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Rock Art Sites in Turkmenistan.

Photos tour on petroglyphs Turkmenistan.

“The universe contains many planets which make it what it is – a unified system. In addition, our bodies contain many organs, and each part is congruent to a planet in our solar system. The universe we see out our eyes is a mirror of what is within us. This is what God meant by making man in his image. We are all made as a reflection of God and that reflection of him is within us. Furthermore, not only are all religions connected to the same Truth, or Cosmic Heart, but this concept is also mirrored in the pantheons of ancient religions, where each of the many gods simply represented one set of characteristics of the ONE. And in all cases, these many gods symbolized the planets, therefore mimicking the different parts of the universe and the ONE God’s many mirrors (He Who is All). The structure behind all polytheistic religions of the past and present is one and the same. They are all built on the same foundation as Nature” 

Suzy Kassem.

Photos petroglyphs of Turkmenistan.

Turkmenistan rock art sites were identified in two areas – in the north of the country, by the southern edge of the Ustryurt Plateau, in the Near Sary-Kamish Delta, and in the south-west of the country in the Chandyr River (Sumbar River tributary) valley, in the southwestern spurs of the Kopet-Dag Range.
Petroglyphs in Northern Turkmenistan (Ustyurt Plateau, Butentau Upland) Geographic description of the area Southern Ustyurt’s steep precipices shape the national borders of Turkmenistan and Kazakhstan. Those at Ustyurt tower over neighboring plains as precipitous walls about 300m high.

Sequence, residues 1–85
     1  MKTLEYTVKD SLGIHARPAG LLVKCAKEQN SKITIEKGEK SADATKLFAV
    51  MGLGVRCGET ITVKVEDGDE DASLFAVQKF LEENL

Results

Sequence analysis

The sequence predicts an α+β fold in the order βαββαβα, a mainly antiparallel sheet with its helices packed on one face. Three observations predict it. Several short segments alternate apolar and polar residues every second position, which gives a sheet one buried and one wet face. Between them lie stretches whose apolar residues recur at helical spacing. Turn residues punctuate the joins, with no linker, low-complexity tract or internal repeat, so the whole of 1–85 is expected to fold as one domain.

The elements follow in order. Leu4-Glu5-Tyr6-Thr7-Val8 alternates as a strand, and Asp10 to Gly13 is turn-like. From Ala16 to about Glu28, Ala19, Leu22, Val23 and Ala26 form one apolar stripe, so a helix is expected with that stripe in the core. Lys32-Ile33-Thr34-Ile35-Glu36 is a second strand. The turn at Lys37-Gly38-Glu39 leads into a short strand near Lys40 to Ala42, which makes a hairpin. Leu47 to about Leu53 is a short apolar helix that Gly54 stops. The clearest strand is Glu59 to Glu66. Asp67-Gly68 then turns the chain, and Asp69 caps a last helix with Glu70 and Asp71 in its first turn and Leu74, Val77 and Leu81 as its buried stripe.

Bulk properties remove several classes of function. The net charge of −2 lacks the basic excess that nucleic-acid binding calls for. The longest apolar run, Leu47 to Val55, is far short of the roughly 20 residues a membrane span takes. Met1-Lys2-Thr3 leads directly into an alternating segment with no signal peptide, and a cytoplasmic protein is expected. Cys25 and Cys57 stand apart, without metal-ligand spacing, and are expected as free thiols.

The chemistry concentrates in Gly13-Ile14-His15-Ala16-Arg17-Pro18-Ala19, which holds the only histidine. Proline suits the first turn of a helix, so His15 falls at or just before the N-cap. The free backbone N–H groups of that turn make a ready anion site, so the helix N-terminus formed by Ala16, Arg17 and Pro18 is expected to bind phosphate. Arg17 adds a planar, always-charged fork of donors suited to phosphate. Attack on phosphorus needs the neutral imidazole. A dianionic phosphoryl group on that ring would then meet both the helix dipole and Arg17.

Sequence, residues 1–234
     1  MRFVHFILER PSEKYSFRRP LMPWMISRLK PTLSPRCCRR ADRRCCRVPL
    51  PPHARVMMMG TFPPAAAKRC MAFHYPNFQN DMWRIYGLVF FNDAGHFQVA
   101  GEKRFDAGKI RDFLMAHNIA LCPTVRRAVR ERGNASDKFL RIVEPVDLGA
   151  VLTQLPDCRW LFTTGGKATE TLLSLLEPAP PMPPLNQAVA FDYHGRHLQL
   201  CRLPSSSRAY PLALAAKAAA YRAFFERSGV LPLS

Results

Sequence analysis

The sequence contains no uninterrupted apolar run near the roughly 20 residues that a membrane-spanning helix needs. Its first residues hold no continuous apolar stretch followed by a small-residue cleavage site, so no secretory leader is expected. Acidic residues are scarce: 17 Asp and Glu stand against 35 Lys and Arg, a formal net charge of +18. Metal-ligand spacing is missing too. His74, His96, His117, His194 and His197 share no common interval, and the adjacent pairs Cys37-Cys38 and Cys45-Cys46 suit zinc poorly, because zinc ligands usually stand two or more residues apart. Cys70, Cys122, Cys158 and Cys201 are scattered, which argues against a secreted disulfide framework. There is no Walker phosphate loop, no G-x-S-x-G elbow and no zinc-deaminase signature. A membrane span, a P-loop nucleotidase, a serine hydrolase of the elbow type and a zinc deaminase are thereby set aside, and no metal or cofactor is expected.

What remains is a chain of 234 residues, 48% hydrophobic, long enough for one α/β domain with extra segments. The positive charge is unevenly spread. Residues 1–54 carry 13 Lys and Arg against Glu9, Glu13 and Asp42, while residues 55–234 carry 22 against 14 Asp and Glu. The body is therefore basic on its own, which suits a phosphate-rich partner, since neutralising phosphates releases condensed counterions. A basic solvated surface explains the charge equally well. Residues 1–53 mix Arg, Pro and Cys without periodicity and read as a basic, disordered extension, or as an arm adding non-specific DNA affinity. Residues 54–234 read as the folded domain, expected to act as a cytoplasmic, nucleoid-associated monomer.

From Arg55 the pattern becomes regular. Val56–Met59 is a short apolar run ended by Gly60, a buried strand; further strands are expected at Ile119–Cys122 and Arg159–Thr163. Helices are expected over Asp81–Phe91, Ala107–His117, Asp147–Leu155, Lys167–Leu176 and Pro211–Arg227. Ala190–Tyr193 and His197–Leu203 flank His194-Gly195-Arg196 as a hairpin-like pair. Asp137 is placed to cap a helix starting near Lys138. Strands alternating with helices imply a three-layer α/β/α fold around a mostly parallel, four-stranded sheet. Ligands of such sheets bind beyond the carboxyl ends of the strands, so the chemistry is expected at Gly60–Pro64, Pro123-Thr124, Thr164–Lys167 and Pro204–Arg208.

To the east of Ustyurt, a series of low-lying plateaus and desert mountains (Djantak) is also known as the Zauzboy mountain area. Near the Sary-Kamish Delta is a flat sand and loamy plain that stretches from the lower reaches of the Amu Darya River to Lake Sary-Kamish.
The Near SaryKamish Delta gradually merges with the Near Aral Delta of the Amu Darya River in the north-east. In the south, it borders a high sand plain (Zaunguz Karakums), while in the north it is confined by the Ustyurt precipices. Its total range is 160km long and 120km wide.
On the territory of the delta adjacent to Lake Sary-Kamish, a number of plateau-like residual mountain uplands consist of Tertiary marine deposits. Their top layer is made of bedded formations of limestone, gypsum and Miocene marl.
These uplands have a common geological structure with the Ustyurt Plateau and used to be one with the plateau in the pre-Khvalynskiy period. The flatlands of the Near Sary-Kamish Delta, adjacent to the uplands, are cut across by ancient riverbeds.
Most of them such as Daudan, Daryalyk are well defined in the relief and can be followed for tens of kilometers. The largest remaining uplands with steep slopes are Butentau, Tarym-Kaya, Kanga-Gyr, and TuzGyr.
Artificial caves with a multitude of petroglyphs are located in two of them – Butentay and Tarym-Kaya– and the southern precipices at Ustyurt in joint faces of aleurite-limestone Neogene rock, 1.3-1.5m thick, at a height of 15 - 20m from the top edge of cliff debris covering the uplands.
Research Status Northern Turkmenistan rock art sites were discovered in the 1950s by the leader of the Khorezm Archeological and Ethnographic Expedition of the USSR Academy of Sciences, S.-P. Tolstov. In 1951, he examined a cave at Butentau and dated cave dwellings to the Early Middle Ages from ceramic remains.
In 1956, members of the Karakalpak Branch of the Academy of Sciences of the Uzbek SSR, Gudkova A.V. and Vizhanov E., in cooperation with experienced mountain climbers, descended into several caves and described them.
In one of them, they found a vessel from the XIIth - XIIIth centuries and a tamga (“stamp or seal”) on the wall. Cave dwellings in the Ustyurt, Butentau and Tarym-Kaya precipices were studied from 1974 to 1994 by various groups of speleologists led by Chernishev I.V., who studied over 200 caves and discovered about 600 obstructed cave entrances (Orazov 2007).

Edjegul Muradova.

Photos by
Alexander Petrov.